Ocean Action Hub

7 Nov 2017 - Having met its target of protecting five per cent of its marine and coastal areas by the end of 2017, Canada is well on its way to meeting its target of 10 per cent by 2020.

How, and through what channels the government will do this, are still very much undetermined.

With the number of marine protected areas and other conservation areas growing around Nova Scotia, opposition is also growing from sectors such as the fishery and oil and gas industries.

Due to commercial tensions and environmental pressure — coupled with the fact that in Nova Scotia, the province with the largest area of protected oceans, the provincial government has urged Ottawa to back off on designating more conservation areas until other provinces catch up — marine protection is a recurring topic in the news.

Why is Canada protecting its oceans?

In 2010, Canada committed to setting aside five per cent of the country’s ocean for protection by 2017 and 10 per cent by 2020 as part of its obligations under the United Nations Convention on Biological Diversity.

The Department of Fisheries and Oceans says conservation contributes to a healthy marine environment by protecting species and biodiversity, and by supporting economic goals through encouraging healthy fish stocks in areas surrounding those that are protected. Conservation also provides industry with a clear idea of what the limitations are and protects cultural heritage, which can also contribute to tourism.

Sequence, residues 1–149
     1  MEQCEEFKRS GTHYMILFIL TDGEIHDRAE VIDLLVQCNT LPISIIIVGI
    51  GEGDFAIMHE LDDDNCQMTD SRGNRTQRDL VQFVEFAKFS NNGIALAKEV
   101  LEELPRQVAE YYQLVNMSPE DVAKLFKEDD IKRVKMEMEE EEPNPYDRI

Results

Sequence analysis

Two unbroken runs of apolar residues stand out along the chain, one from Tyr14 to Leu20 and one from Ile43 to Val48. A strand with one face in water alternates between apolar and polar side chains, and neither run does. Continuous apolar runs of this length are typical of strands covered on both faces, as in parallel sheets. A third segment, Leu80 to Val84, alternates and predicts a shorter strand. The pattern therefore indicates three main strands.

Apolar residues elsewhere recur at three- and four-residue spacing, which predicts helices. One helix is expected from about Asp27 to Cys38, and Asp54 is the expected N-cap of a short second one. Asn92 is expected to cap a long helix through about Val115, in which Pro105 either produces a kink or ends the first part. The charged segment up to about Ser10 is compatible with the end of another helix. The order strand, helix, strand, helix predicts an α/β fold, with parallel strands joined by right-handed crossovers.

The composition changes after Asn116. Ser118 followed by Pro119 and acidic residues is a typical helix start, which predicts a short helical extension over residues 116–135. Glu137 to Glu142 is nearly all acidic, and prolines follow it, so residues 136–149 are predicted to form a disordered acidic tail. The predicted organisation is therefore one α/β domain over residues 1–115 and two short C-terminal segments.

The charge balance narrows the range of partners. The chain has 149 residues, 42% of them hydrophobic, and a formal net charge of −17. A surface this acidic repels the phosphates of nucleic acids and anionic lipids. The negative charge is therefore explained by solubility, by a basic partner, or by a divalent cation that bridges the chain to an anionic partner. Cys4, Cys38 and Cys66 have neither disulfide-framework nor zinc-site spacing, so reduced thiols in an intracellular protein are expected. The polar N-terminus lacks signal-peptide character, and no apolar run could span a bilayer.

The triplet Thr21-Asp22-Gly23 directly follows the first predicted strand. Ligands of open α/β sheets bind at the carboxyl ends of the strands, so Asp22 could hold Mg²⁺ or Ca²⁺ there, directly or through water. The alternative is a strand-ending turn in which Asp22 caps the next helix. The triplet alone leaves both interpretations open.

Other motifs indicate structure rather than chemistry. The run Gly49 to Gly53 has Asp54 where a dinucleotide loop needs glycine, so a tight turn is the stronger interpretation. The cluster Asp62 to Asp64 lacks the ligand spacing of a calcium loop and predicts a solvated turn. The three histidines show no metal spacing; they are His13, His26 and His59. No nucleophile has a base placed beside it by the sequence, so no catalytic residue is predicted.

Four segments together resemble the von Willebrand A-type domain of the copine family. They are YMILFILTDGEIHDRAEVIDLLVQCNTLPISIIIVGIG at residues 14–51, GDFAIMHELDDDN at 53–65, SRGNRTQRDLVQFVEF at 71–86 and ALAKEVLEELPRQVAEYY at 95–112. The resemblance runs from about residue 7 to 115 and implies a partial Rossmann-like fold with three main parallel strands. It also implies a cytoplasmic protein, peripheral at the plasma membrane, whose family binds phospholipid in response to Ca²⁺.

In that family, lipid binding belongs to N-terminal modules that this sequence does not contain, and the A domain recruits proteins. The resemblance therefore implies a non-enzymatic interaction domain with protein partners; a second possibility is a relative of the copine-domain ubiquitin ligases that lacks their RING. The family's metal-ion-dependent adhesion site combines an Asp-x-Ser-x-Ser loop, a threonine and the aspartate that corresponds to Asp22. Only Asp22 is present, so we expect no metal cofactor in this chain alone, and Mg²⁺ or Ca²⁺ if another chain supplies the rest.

How does the government designate areas to be protected?

The government has a number of tools it can use to protect marine areas. Each comes with a different process and different regulations once the protections are in place.

Broadly, those areas are: marine protected areas established under the Oceans Act by DFO; national marine conservation areas established by Parks Canada; national wildlife areas established by Environment and Climate Change Canada; and what’s known as “other effective conservation measures” such as marine refuges and Fisheries Act closures.

To reach its conservation targets, Canada has defined its own criteria on what types of closures and refuges can count toward these targets. New international criteria will be agreed upon by the Convention on Biological Diversity at the Conference of Parties in December 2018, so some changes to already designated areas could come after that.

For example, since some Fisheries Act closures can be undone, measures might need to be put in place to make closures counting toward Canada’s targets permanent.

Establishing a Fisheries Act marine protected area is a lengthy process that requires significant planning, consultation and scientific assessment. It can take up to seven years for an area of interest to become an MPA, but legislation aimed at speeding up the designation process by cutting red tape, known as Bill C-55, recently passed second reading in the House of Commons and is now before the standing committee on fisheries and oceans.

The same committee is also currently completing a study on marine protection.

In what ways are these areas protected?

Depending on the mechanism of protection being used and what is being protected, different activities are restricted in protected areas. Commercial and recreational fisheries closures, for example, can only prohibit fishing activities. MPAs can have “no-take zones,” which prohibit all extraction of resources, from fishing to oil and gas activities. Sometimes areas allow for certain types of fishing but not others, or the harvesting of certain species but not others.

Enforcement and monitoring policies are in place for areas that require it.

Currently, there is no restriction on food, social and ceremonial fisheries for Indigenous communities in MPAs.